Anatomical and Biometric Aspects of the Cutaneous Distribution of the Superficial Fibular Nerve Aspectos Anatómicos y Biométricos de la Distribución Cutánea del Nervio Fibular Superficial  

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Full Text Available The objective of this research was to study the cutaneous branching of the superficial fibular nerve (SFN, with a topographic and biometric focus, aiming to provide further anatomical details for foot and ankle surgery in general. There were analyzed 30 right and left lower limbs of 15 corpses of male adult Brazilian individuals. The cutaneous branching of the nerve was dissected and measurements taken with a tape measure and digital caliper. The nerve emerged at the surface as a single trunk in 66.7% and divided into two branches in 33.3% of the cases. When a single trunk emerged, it appeared at the level of the third distal of the leg in 75%, at the boundary between the middle and distal thirds in 20%, and, in the middle third in 5%. When divided, in most cases (60%, the two branches had the same topography, in general, in the distal third of the leg. The average width of the nerve, at its emergence, when single, was 3.1 ± 0.8 mm, when divided, one of its branches, the medial dorsal cutaneous nerve (MDCn of the foot, measured 2.4 ± 0.9 mm, and the other, the intermediate dorsal cutaneous nerve (IDCn of the foot 2.1 ± 0.6 mm. The MDCn communicated with the deep fibular nerve in 53.3%, and the IDCn with the sural nerve in 33.3%. In its distribution in the dorsum of the foot, the MDCn was related mainly with the first metatarsal bone and the first and second interosseous spaces, and the IDCn, in general, with the fourth metatarsal bone and the third and fourth interosseous spaces. There are important variations in the emergence and cutaneous branching of the SFN, which must be known in order to avoid iatrogenic injury during surgical procedures on the foot and ankleEl propósito de esta investigación fue estudiar la ramificación cutánea del nervio fibular superficial (NFS, con enfoques topográfico y biométrico, para proveer mayores detalles anatómicos a las cirugías del pie y tobillo. Fueron analizados 30 miembros inferiores, derechos e izquierdos, de 15 cadáveres de individuos brasileños adultos, de sexo masculino. La ramificación cutánea del nervio fue disecada y las medidas fueron tomadas con cinta métrica y paquímetro digital. El nervio se observó en la superficie como tronco único en 66,7% de los casos y dividido en dos ramos en 33,3%. Cuando se presentó como tronco único, emergió a nivel del tercio distal de la pierna en 75%, en el límite entre los tercios medio y distal en 20%, y, en el tercio medio en 5%. Cuando se presentó dividido, los dos ramos tuvieron la misma topografía en 60% de los casos, en general, el tercio distal de la pierna. Al salir a la superficie, el promedio del diámetro externo del nervio, cuando era único, fue de 3,1 ± 0,8 mm, y cuando estaba dividido, uno de sus ramos, el nervio cutáneo dorsal medial (nCDM del pie, midió 2,4 ± 0,9 mm, y el otro, el nervio cutáneo dorsal intermedio (nCDI del pie, 2,1 ± 0,6 mm. El nCDM se comunicó con el nervio fibular profundo en 53,3% y el nCDI con el nervio sural en 33,3%. En su distribución en el dorso del pie, el nCDM estuvo relacionado principalmente con el 1er hueso metatarsiano y los dos primeros espacios interóseos, mientras que el nCDI, se relacionó en general, con el cuarto hueso metatarsiano y el tercero y cuarto espacios interóseos. La emergencia y ramificación cutánea del NFS presentan importantes variaciones que deben ser conocidas para evitar lesiones iatrogénicas durante procedimientos quirúrgicos el en pie y tobillo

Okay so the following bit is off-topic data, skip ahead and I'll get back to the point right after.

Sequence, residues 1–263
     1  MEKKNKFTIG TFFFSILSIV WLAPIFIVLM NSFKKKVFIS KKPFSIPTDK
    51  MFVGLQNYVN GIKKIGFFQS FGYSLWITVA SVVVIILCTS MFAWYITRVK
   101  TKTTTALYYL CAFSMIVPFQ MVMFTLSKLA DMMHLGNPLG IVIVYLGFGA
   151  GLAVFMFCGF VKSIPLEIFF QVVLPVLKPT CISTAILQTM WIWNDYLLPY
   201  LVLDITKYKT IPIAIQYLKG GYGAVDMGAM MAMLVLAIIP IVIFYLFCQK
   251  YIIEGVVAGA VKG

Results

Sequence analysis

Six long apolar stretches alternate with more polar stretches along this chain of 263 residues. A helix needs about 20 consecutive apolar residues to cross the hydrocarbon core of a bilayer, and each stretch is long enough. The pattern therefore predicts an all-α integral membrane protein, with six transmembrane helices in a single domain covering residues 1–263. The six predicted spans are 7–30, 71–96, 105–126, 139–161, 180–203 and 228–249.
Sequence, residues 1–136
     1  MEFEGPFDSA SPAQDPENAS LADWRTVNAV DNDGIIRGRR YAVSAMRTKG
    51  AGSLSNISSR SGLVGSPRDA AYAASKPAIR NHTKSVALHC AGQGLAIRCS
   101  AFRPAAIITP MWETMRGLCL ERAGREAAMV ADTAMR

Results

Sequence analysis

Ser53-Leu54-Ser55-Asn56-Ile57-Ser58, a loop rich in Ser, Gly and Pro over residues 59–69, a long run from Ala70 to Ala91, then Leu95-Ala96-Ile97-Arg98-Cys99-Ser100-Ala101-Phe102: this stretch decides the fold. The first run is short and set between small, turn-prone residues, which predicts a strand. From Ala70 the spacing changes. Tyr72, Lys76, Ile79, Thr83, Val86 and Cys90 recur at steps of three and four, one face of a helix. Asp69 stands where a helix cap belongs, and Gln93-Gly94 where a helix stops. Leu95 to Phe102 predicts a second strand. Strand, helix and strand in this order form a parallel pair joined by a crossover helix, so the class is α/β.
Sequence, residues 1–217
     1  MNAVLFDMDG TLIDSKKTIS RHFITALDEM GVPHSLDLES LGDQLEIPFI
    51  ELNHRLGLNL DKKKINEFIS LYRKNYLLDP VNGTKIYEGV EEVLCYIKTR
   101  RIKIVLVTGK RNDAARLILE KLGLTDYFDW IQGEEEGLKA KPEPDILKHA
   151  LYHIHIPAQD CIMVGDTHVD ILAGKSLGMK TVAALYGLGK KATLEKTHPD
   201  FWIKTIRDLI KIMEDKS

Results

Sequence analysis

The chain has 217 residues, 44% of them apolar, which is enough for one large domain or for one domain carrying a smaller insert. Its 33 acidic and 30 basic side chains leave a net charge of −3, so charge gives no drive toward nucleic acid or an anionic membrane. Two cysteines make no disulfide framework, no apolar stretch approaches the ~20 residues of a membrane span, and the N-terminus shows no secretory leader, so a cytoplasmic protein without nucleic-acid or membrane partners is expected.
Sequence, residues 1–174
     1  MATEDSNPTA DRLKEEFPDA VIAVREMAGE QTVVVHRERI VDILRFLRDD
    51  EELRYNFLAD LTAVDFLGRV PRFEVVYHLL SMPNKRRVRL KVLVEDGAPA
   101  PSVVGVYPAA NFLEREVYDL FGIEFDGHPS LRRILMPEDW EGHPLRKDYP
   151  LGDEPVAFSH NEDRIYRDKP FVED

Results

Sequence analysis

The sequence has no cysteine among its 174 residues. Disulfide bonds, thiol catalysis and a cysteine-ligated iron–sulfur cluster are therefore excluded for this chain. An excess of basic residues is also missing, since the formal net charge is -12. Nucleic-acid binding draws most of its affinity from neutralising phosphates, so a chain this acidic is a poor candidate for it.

Carla Gabrielli

2005-06-01

89

Morphological description of the brachial plexus in ocelot (Leopardus pardalis  

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Full Text Available The brachial plexus is formed by the ventral roots of the spinal nerves, which unite to form the nerve trunks. It is usually formed by contributions of the last three cervical nerves and the first two thoracic nerves. Due to the scarcity of information on neuroanatomy, this study aimed to determine the macroscopic morphology of the brachial plexus of the ocelot (Leopardus pardalis. In this work, we used two ocelot specimens from the area of the Paragominas Bauxite Mine, PA, Brazil/Empresa Terra LTDA, with permission from SEMA – BP Nos. 455/2009 and 522/2009. The animals were donated to the Research Laboratory of Animal Morphology (LaPMA, Federal Rural University of Amazonia (UFRA, after they were accidentally run over. They were fixed by intramuscular injection of 10% formaldehyde. After fixation, the animals were dissected, allowing visualization of the thoracic nerves, as well as the identification of the ventral rami of the cervical and thoracic spinal nerves forming the brachial plexus. The brachial plexus was found to be formed by four trunks, which originated the ventral branches of cervical spinal nerves C6, C7 and C8 and the first thoracic (T1. These trunks gave rise to the suprascapular, subscapular, musculocutaneous, axillary, radial, median, ulnar, thoracodorsal and lateral thoracic nerves.